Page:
[Avery] recognized the family through the peephole as neighbors from a couple of streets over - the Wellingtons, or Warburtons, something with a W. The woman (Tara? Tilly?) had participated in Avery's last hand-me-down exchange...
"...My little girl," the mother went on, bouncing the child. "She's awfully sick. We have to get her to the hospital. We can't find a taxi, and the ER at Kings County won't send ambulances because they're getting hijacked."
Why would they hijack ambulances? Never mind. We've now got four more characters to track - Tanya, her husband Sam, an eleven-year-old named Jake and Ellie, the infant. That brings the total up to seventeen, know, novice writers often ask how many characters is too many in a single scene. Answers vary, but I'm quite sure that seventeen is too many. I can't even imagine how they're arranged here.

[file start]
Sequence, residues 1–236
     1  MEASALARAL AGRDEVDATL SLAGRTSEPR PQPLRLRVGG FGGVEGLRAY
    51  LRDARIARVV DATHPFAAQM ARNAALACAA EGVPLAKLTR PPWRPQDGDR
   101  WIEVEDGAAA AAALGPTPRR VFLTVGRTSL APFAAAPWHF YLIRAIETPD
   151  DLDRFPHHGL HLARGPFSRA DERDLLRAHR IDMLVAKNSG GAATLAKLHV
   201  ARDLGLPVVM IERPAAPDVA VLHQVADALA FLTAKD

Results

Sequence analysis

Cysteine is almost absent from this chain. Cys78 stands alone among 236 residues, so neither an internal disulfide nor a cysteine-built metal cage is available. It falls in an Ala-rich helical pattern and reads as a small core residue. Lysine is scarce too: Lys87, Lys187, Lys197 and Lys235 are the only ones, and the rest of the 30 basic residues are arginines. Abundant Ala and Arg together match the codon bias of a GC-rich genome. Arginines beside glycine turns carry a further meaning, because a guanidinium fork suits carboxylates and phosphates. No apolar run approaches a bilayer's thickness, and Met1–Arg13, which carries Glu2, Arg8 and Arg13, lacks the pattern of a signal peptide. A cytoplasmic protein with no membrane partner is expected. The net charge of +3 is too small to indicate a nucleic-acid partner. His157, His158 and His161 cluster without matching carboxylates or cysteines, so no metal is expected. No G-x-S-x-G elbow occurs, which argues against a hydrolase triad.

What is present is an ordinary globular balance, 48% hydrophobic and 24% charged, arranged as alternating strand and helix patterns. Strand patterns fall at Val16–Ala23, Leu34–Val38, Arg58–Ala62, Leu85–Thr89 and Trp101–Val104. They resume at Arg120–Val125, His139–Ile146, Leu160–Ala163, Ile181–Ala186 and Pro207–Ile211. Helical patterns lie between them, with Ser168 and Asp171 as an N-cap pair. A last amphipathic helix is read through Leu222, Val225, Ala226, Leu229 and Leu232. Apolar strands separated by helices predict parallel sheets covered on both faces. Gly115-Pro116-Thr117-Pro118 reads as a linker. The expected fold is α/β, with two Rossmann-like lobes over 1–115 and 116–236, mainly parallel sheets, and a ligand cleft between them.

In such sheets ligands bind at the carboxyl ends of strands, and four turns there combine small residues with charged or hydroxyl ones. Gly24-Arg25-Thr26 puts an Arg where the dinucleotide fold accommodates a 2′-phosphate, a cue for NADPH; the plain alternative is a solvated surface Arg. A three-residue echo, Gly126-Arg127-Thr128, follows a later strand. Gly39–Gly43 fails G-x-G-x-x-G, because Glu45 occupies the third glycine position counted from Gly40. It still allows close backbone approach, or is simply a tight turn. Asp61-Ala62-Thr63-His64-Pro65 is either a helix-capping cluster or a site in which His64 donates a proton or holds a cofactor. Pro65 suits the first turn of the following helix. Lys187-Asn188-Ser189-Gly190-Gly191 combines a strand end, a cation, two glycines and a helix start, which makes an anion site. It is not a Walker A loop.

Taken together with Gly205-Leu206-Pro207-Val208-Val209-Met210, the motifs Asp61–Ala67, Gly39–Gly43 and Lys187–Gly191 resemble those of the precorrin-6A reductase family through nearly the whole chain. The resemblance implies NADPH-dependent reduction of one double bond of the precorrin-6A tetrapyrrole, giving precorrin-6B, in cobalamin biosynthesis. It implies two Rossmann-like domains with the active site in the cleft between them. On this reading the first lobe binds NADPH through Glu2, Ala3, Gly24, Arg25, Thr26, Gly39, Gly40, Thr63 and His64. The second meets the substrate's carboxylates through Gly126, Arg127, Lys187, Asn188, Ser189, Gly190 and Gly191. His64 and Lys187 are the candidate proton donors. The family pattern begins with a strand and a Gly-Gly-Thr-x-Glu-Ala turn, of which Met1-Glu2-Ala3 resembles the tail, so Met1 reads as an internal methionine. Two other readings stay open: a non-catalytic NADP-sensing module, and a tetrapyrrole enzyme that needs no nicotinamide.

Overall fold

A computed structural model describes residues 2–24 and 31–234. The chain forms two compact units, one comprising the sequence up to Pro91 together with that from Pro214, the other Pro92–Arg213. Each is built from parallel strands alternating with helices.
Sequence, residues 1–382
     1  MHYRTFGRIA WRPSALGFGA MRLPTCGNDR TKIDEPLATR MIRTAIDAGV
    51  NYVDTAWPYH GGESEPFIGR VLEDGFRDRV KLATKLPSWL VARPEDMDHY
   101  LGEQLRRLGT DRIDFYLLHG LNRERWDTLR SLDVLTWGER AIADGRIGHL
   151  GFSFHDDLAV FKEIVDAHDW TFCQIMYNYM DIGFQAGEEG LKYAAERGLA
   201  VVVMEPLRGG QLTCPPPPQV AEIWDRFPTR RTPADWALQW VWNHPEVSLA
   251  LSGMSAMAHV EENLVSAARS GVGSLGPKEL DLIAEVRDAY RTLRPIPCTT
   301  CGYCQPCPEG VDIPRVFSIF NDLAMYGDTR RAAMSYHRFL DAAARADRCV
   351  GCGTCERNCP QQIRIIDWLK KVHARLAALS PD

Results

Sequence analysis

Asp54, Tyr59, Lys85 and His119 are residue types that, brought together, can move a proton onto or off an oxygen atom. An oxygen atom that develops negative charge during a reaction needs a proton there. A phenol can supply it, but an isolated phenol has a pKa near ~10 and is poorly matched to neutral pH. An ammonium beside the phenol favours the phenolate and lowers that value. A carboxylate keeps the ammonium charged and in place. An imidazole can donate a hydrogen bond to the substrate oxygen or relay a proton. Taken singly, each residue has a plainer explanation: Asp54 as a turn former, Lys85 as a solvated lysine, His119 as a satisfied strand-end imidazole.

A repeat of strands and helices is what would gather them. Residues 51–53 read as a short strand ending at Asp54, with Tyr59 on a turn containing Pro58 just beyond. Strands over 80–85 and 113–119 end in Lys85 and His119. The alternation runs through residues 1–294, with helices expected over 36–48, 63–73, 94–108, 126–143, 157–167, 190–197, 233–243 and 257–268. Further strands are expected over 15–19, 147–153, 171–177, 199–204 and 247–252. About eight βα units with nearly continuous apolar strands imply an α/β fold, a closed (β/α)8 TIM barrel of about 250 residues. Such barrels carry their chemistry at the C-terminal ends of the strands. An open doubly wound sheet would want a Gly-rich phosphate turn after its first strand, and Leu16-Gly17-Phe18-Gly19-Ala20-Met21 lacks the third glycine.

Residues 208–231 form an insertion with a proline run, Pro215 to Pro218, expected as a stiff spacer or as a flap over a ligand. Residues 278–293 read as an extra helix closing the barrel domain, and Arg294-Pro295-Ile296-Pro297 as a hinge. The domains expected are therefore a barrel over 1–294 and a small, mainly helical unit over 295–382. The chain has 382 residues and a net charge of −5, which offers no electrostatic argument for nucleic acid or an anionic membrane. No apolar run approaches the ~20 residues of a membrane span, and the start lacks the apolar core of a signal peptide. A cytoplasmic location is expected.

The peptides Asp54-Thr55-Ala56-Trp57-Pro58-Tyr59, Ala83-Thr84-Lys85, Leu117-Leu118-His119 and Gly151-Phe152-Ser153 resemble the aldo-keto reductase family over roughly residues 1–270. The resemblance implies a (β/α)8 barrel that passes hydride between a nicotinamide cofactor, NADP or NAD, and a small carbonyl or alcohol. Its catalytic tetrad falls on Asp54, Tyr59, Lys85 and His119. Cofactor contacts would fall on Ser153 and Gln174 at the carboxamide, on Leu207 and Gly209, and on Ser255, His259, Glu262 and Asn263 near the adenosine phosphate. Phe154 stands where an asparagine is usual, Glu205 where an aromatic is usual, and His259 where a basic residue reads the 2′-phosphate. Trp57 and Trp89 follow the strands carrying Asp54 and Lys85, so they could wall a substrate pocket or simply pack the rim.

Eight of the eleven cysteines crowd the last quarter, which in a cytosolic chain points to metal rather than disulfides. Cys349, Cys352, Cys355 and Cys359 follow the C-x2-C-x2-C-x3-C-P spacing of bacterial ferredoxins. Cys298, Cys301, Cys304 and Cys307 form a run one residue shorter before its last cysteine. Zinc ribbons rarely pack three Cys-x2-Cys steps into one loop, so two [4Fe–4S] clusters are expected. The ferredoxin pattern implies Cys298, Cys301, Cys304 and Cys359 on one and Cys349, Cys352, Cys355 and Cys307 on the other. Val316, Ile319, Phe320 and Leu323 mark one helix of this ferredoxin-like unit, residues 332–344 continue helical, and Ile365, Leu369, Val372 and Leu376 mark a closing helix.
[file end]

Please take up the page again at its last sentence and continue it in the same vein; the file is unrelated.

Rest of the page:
Avery senses something awry, but doesn't do anything just yet:
"Could we have a glass of water for Ellie? She's burning up."
"Sure, no problem."
Excuse me? You've been talking about water shortages for 426 nard-gargling pages, and now a tall, refreshing glass is "no problem"? Why do I care more about your stupid universe than you do?

...Sorry about that, hit a nerve there.

The important part is that once they're all inside, Sam draws a gun and order the entire group to vacate the house. Now, the presence of a firearm - especially in the hands of a desperate, distraught person - automatically ratchets up the suspense. This is officially a hostage situation; there's a good chance that someone will die here. But I'll tell you, Shriver does everything she possibly can to drain the tension out of this moment - starting, as always, with the oh-so-plausible dialogue:
"How do you know we don't have guns?" Florence said furiously.
"You're not the type," [Sam] said.
"Honey," Tanya said. "You weren't the type, either."